Announcing VeloTweets, Pulse of the Peloton

I'm pleased to announce VeloTweets, the pulse of the peloton, a curated collection of professional cycling Twitter activity. The idea and driving force came from Jamie Thingelstad. I did most of the development, and Norm Orstad designed the site. Chris Hatch helped a lot on the back end, providing a list of cyclists on Twitter, filling out profiles and affiliations, and doing research.

What's Different about VeloTweets?

We wanted to make VeloTweets different than the other subject matter aggregators out there. We wanted a hook that would combine the immediacy of Twitter with pro cycling in a compelling way.

Here's what we came up with.

First, we focused on who to include. Instead of everyone who's talking about cycling, this contains only pro cyclists (and a few others associated with the sport, like managers or team mechanics).

Second, we extended the data that is given to us by Twitter. We can enter every cyclist's real name, nationality, and team, as well as expanded biographical data (here's Lance Armstrong's profile for instance).

Third, we collected cycling events in a calendar that's displayed on the site, and added a Message of the Day that's tuned to what's happening in the racing world each day.

Forth, we brought in photos from the tweets (only TwitPic is supported right now). We store references to the photos in our DB so we can show the latest photos, along with photos that individuals have posted, and all of them. This turns out to be really cool because where else are you going to see photos like this one as they happen?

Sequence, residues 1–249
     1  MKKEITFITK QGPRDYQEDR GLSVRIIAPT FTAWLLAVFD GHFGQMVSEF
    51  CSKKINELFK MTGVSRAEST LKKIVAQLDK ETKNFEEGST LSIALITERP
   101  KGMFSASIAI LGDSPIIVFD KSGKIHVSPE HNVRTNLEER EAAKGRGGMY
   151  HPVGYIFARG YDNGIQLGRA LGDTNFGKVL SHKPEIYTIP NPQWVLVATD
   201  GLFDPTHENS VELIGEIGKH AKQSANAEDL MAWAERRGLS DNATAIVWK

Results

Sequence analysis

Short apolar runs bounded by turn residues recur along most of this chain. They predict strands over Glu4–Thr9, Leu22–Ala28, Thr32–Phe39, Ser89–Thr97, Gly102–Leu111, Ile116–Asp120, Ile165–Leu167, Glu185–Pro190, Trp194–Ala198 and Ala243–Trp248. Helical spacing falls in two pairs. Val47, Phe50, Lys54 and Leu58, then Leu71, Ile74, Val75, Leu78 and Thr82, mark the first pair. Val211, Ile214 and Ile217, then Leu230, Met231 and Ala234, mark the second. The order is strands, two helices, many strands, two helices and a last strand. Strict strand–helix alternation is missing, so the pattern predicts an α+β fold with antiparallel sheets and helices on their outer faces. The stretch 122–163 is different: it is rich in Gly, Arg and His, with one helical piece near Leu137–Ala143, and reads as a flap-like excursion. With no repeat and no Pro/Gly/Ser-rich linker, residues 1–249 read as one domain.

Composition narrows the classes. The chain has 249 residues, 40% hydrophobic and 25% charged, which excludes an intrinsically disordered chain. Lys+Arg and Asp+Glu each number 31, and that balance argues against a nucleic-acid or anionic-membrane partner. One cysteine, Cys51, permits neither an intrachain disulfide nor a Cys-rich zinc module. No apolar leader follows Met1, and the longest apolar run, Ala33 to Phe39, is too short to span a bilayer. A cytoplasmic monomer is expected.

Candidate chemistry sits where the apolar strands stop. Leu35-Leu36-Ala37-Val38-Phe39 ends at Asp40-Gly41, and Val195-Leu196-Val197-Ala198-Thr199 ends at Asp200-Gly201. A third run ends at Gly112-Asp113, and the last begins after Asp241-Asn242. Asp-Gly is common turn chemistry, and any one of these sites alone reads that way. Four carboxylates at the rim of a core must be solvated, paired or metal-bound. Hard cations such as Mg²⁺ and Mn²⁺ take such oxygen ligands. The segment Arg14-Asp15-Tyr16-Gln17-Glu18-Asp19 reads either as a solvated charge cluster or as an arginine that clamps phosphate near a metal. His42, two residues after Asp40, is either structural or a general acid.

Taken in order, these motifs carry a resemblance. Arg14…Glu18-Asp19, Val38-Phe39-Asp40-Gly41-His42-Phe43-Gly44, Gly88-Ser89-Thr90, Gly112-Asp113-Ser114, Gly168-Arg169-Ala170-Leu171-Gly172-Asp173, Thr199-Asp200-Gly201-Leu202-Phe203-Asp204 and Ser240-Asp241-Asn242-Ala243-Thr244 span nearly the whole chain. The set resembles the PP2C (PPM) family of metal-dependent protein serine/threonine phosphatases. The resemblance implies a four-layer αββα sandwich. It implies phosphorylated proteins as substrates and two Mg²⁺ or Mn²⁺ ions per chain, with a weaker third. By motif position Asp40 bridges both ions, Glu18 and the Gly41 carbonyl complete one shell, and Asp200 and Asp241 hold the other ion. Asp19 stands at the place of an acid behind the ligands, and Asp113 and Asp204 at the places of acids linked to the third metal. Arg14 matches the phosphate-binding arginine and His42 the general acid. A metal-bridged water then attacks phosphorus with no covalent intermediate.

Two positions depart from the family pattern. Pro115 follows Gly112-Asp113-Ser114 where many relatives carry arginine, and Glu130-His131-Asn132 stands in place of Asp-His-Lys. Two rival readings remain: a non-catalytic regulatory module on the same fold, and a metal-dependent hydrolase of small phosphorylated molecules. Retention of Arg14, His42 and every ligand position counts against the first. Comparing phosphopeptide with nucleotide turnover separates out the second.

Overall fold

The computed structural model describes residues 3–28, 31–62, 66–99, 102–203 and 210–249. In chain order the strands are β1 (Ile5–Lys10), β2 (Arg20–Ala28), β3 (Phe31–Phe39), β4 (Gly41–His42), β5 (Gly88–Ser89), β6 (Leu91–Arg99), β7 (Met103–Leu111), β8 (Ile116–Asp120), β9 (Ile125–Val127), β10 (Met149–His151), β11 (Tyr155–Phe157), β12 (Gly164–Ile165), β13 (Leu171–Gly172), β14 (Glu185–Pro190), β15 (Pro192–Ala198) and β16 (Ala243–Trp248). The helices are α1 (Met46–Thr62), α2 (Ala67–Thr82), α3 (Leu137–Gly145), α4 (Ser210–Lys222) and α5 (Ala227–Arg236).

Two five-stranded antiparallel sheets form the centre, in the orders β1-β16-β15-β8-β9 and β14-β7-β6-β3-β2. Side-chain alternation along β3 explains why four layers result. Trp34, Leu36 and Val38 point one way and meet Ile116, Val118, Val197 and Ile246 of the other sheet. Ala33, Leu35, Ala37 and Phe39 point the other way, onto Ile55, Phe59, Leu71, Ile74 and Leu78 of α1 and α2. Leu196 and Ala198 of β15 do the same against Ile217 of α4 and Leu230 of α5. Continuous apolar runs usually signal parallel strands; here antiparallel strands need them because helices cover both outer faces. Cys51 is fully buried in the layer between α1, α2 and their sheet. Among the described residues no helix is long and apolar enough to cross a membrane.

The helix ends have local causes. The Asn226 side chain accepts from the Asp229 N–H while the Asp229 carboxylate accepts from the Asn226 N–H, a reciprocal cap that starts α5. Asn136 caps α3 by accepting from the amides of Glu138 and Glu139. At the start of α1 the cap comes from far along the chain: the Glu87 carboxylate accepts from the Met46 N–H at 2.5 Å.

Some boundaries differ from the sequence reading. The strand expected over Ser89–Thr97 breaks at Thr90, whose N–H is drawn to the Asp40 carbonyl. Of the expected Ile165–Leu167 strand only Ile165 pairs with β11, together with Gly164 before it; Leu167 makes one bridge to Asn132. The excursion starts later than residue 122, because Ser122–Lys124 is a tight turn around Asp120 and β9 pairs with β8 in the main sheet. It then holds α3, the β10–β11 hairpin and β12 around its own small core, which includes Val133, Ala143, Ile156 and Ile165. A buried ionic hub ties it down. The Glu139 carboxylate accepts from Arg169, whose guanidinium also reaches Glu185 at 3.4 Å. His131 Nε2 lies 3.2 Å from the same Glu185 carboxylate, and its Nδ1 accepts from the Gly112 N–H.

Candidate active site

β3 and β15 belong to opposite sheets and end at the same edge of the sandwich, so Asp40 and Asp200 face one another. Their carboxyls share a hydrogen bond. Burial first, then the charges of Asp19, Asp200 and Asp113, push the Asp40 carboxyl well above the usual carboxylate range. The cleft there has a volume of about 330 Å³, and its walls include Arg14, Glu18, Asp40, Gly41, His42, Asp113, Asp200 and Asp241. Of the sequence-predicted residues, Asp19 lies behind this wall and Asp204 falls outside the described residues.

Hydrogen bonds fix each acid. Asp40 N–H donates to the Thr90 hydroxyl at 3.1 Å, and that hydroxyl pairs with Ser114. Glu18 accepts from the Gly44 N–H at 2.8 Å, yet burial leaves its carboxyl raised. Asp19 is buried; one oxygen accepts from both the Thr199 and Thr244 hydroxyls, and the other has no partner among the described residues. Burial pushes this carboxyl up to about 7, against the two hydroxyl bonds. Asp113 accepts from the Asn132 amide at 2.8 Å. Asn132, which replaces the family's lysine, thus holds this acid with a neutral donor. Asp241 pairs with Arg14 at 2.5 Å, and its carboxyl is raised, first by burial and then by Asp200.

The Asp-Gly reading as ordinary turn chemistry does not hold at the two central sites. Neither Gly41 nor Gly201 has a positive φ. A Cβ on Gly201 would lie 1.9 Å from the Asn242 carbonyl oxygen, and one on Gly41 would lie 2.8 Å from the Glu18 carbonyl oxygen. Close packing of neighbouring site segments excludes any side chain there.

After all this we still weren't totally satisfied with what we'd come up with, because it still looked too much like Twitter (long list of messages in reverse chronological order). Then Jamie came up with the idea of only displaying each cyclist's most recent tweet in a grid. We really like how this works because people who tweet a lot (like Lance) don't dominate the page. It gives you an overview of what the whole peloton is talking about without letting a few people dominate it.

Developing for Twitter

I've been doing a number of Twitter-related projects lately. The first was Twistr, which combines Twitter and Flickr LOLcat style for occasionally amusing results. Then Barry Hess and I built Follow Cost, which tells you how much someone tweets before you follow them. I created a prototype for FanChatter's next product based on Twitter conversation aggregation. Now comes VeloTweets and another project that's not public yet.

I really enjoy working with the Twitter APIs. It's fun to develop applications that utilize the platform that the Twitter folks have built.

On that front, I recently received a copy of Twitter API: Up and Running (Follow Cost is mentioned on page 70!) which I will give a full review to soon. You don't need a book on the Twitter API to develop applications for it, but it does provide some ideas and a useful reference, as well as details on some interesting aspects of Twitter (for example, I did not know that direct messages disappear if they are deleted by either party.).